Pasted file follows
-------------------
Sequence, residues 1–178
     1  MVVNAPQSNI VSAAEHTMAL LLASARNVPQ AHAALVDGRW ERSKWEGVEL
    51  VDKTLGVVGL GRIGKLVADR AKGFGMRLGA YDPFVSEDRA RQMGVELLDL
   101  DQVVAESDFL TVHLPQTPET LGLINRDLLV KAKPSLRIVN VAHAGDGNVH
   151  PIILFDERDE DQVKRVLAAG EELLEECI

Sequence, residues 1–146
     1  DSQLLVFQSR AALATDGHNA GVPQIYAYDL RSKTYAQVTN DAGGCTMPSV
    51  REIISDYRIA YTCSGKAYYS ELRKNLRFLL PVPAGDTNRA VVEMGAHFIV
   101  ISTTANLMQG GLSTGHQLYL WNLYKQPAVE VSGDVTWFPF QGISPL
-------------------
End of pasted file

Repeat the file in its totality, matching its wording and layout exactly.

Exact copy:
Sequence, residues 1–178
     1  MVVNAPQSNI VSAAEHTMAL LLASARNVPQ AHAALVDGRW ERSKWEGVEL
    51  VDKTLGVVGL GRIGKLVADR AKGFGMRLGA YDPFVSEDRA RQMGVELLDL
   101  DQVVAESDFL TVHLPQTPET LGLINRDLLV KAKPSLRIVN VAHAGDGNVH
   151  PIILFDERDE DQVKRVLAAG EELLEECI

Sequence, residues 1–146
     1  DSQLLVFQSR AALATDGHNA GVPQIYAYDL RSKTYAQVTN DAGGCTMPSV
    51  REIISDYRIA YTCSGKAYYS ELRKNLRFLL PVPAGDTNRA VVEMGAHFIV
   101  ISTTANLMQG GLSTGHQLYL WNLYKQPAVE VSGDVTWFPF QGISPL